Aspiring musicians need to 'work hard,' says Bob Hallett

A founding member of Newfoundland and Labrador-based band Great Big Sea has some advice for burgeoning bands and solo artists in the province: work hard.
Bob Hallett, with Great Big Sea, says musicians in Newfoundland and Labrador have to work really hard to make it in the modern music industry. (Nathan Denette/The Canadian Press)

A founding member of Newfoundland and Labrador-based band Great Big Sea has some advice for burgeoning bands and solo artists in the province: work hard.    

Bob Hallett had some harsh criticism for local musicians after the province's lacklustre showing at the 2014 East Coast Music Awards, held recently in Charlottetown, P.E.I.

Of the total awards given out, only two went to artists from Newfoundland and Labrador. 

The more skills a musician has, the better off they are- Ellen Waterman, dean of Memorial University School of Music 

Hallett said some musicians have the talent — but many lack the drive that's necessary to make it big in the music industry.  

"The business side of it is definitely neglected. A lot of artists are just kind of waiting for something to happen, or they sort of operate in fits and starts," said Hallett.

"They fail to recognize that the biggest part of their job right now is not to be writing a great song — it's going to be making sure that somebody hears it."

According to Hallett, the music industry is facing big changes, and artists need to learn to keep up.

"The days of the industry being able to create rock stars out of nothing are over. An artist really needs to be in a position to do it themselves as much as possible, so you need to find every marketing opportunity you can," he said.

"Rather than have one of the songs go mad, if you have 10 of these things all bubbling along, well then, you have a fair chance at it."

Marketing critically important

Hallett said musicians who put in the time are going to see results. 

"You need to tour, you need to find retail opportunities, you need to find opportunities to get on any radio station or show that will play you," he said. "You need to cultivate blogs, you need to create an online presence and you need to have something to go on You Tube. That's a lot of work."

Katie Baggs, left, a singer-songwriter from St. John's, looks on as P.E.I.'s Catherine MacLellan hosts a showcase at an East Coast Music Awards event in Charlottetown, P.E.I. in April. (Andrew Vaughan/The Canadian Press)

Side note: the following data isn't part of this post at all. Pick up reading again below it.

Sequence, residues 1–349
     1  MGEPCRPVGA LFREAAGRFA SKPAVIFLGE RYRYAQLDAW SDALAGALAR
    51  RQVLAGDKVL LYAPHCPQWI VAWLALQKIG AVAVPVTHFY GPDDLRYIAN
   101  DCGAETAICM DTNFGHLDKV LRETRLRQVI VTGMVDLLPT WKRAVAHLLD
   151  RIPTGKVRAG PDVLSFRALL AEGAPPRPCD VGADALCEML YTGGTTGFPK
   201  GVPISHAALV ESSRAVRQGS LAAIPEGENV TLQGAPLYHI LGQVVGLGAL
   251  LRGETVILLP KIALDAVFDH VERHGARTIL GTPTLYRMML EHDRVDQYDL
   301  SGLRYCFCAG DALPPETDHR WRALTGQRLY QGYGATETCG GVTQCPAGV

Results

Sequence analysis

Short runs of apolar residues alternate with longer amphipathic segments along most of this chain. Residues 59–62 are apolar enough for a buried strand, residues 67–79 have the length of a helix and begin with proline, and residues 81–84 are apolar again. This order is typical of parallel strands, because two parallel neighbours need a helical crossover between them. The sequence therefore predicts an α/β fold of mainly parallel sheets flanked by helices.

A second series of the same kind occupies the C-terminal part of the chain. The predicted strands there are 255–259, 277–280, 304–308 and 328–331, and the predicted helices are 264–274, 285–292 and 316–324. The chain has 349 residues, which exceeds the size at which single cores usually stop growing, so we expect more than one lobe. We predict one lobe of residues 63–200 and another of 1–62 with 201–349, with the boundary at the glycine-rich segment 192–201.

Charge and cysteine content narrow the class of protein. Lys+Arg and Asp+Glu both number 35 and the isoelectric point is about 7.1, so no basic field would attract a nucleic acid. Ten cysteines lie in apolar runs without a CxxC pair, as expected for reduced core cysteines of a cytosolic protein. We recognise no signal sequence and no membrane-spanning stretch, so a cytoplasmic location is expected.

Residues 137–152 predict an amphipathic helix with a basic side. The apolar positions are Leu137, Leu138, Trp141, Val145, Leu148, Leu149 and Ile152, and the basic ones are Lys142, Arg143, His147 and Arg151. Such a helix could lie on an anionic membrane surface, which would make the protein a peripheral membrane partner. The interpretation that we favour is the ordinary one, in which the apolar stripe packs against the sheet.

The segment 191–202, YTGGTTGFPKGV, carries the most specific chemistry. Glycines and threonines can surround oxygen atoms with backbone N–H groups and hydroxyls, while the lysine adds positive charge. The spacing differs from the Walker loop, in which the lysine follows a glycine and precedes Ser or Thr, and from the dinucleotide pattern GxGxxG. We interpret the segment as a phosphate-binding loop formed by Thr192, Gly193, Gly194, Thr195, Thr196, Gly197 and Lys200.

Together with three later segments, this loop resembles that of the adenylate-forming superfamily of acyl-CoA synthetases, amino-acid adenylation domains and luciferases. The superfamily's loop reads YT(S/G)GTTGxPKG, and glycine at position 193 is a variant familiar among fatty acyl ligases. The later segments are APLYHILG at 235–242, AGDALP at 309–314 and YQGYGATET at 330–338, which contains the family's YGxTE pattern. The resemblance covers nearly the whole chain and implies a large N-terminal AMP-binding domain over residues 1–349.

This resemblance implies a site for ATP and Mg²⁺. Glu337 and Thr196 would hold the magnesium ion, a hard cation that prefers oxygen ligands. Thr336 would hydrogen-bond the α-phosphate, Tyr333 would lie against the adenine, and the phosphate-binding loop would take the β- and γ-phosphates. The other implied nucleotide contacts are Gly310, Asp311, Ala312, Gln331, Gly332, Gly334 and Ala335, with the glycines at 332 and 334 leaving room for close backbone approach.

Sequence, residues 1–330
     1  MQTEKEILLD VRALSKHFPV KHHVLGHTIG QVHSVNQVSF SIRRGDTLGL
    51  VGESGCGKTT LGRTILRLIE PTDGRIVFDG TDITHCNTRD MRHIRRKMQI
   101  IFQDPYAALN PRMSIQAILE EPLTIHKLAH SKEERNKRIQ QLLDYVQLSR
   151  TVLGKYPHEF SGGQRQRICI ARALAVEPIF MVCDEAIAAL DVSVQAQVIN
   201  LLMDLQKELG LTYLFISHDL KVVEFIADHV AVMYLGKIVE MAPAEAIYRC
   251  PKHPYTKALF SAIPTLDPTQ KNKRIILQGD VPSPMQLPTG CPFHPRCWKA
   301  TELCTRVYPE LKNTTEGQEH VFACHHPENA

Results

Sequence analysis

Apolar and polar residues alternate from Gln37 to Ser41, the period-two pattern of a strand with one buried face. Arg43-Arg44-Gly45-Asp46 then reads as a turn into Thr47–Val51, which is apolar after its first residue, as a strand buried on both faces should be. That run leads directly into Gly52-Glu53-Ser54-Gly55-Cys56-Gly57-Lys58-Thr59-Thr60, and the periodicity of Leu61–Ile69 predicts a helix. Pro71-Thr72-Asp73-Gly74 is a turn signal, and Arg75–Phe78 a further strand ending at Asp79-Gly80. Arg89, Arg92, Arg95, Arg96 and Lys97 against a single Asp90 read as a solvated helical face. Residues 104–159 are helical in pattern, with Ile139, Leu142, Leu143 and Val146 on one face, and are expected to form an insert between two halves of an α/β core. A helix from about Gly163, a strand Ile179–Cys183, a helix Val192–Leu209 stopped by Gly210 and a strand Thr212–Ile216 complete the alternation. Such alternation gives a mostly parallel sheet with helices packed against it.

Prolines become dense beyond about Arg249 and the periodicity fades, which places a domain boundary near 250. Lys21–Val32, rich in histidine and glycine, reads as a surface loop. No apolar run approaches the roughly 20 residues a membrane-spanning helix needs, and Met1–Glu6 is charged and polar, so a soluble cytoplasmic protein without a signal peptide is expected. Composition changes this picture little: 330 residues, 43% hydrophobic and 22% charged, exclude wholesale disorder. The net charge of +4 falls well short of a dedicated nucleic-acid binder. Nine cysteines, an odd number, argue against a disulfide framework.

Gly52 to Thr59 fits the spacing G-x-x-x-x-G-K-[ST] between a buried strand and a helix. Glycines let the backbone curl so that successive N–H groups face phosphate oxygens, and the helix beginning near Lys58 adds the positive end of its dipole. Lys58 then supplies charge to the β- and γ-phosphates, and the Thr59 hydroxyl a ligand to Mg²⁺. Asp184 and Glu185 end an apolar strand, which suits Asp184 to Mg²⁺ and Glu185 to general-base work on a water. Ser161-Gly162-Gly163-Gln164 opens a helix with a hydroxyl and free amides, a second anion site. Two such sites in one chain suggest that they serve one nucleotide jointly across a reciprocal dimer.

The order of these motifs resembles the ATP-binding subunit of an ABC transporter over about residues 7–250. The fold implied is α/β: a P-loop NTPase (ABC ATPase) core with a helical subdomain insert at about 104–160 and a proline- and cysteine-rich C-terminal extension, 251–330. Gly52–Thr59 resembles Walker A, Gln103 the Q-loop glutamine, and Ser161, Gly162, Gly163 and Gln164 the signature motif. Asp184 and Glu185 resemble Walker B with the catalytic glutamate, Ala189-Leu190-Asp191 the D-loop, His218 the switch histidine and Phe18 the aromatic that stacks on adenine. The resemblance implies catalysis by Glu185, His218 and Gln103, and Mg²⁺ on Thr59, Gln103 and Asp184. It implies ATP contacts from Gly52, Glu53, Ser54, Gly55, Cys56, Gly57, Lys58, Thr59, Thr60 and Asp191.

Dr. Ellen Waterman, Dean of the Memorial University School of Music, agrees with Hallett. Though the music genres vary in Hallett's and Waterman's worlds, Waterman said all musicians need to know the business side.

"Career is more and more common, so the more skills a musician has, the better off they are," Waterman said.

Waterman said the music school has offered a course in career skills for the last decade, and new curriculum was rolled out in 2012. 

"It significantly enhanced that course, so it's more credit hours for both undergraduate and graduate students. We make every single student who chooses the performance stream take that course. We noticed the buy into the course really got a whole lot bigger, it went from 10 people a couple of years ago — to 30 second-year students taking it this past year."

The course is a credit within the Bachelor of Music degree.

The days of the industry being able to create rock stars out of nothing are over- Bob Hallett, Great Big Sea 

Waterman said students write a Newfoundland and Labrador Arts Council grant, create a curriculum vitae and put together a press pack.

"And they have presentations from all kinds of independent musicians in the city who make their living doing all of these business things."

Few releases means few nominations

Meanwhile, the president of Music NL, the organization that represents musicians in the province, said it was a slow year for musical releases in this province. 

Peter Daniel Newman said in a statement that the low number of releases would have had a direct impact on Newfoundland and Labrador representation at the ECMAs. 

"That said, we have numerous MusicNL recordings currently under production, and I am very confident that we will have a very strong showing at the ECMAs in 2015," said Newman.

"I am also proud to say that the MusicNL 2014 board is very active, and we look forward (to) bringing new initiatives and to serving our members in the upcoming year."

Erin Best, a St. John's lawyer who is also the singer in the band Rasa, is with the East Coast Music Association. She said there were a number of other factors affected why nominations for N.L. acts were so low. 

"Very few Newfoundlanders or Labradorians applied this year," Best said.

"We only had 24 Newfoundland artists who applied for awards out of 480 artists who submitted in the whole east coast region."

Best added the requirement to release a record during the qualifying time period of June 1 to Oct. 1 was another contributing factor for the low nomination numbers.

2014 winners

Two ECMAs were given to Newfoundland and Labrador artists this year. Guitarists Duane Andrews and Craig Young won Traditional Instrumental Recording of the Year, and Memorial University music professor Clark Winslow Ross won the award for Classical Composition of the Year. Choral conductor and director Kellie Walsh was given the Stompin' Tom Volunteer of the Year Award.

The 2015 East Coast Music Awards will be held in St. John's next spring.